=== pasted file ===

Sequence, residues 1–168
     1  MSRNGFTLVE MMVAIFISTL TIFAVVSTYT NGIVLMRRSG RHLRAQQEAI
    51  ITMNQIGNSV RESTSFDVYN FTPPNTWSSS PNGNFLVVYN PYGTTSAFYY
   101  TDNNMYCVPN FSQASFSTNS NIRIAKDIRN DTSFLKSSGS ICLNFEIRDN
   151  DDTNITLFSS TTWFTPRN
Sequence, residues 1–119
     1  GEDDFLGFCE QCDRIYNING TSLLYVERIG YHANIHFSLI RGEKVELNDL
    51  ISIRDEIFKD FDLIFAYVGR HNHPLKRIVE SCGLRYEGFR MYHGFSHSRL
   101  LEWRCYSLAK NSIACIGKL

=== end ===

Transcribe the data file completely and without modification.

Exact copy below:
Sequence, residues 1–168
     1  MSRNGFTLVE MMVAIFISTL TIFAVVSTYT NGIVLMRRSG RHLRAQQEAI
    51  ITMNQIGNSV RESTSFDVYN FTPPNTWSSS PNGNFLVVYN PYGTTSAFYY
   101  TDNNMYCVPN FSQASFSTNS NIRIAKDIRN DTSFLKSSGS ICLNFEIRDN
   151  DDTNITLFSS TTWFTPRN
Sequence, residues 1–119
     1  GEDDFLGFCE QCDRIYNING TSLLYVERIG YHANIHFSLI RGEKVELNDL
    51  ISIRDEIFKD FDLIFAYVGR HNHPLKRIVE SCGLRYEGFR MYHGFSHSRL
   101  LEWRCYSLAK NSIACIGKL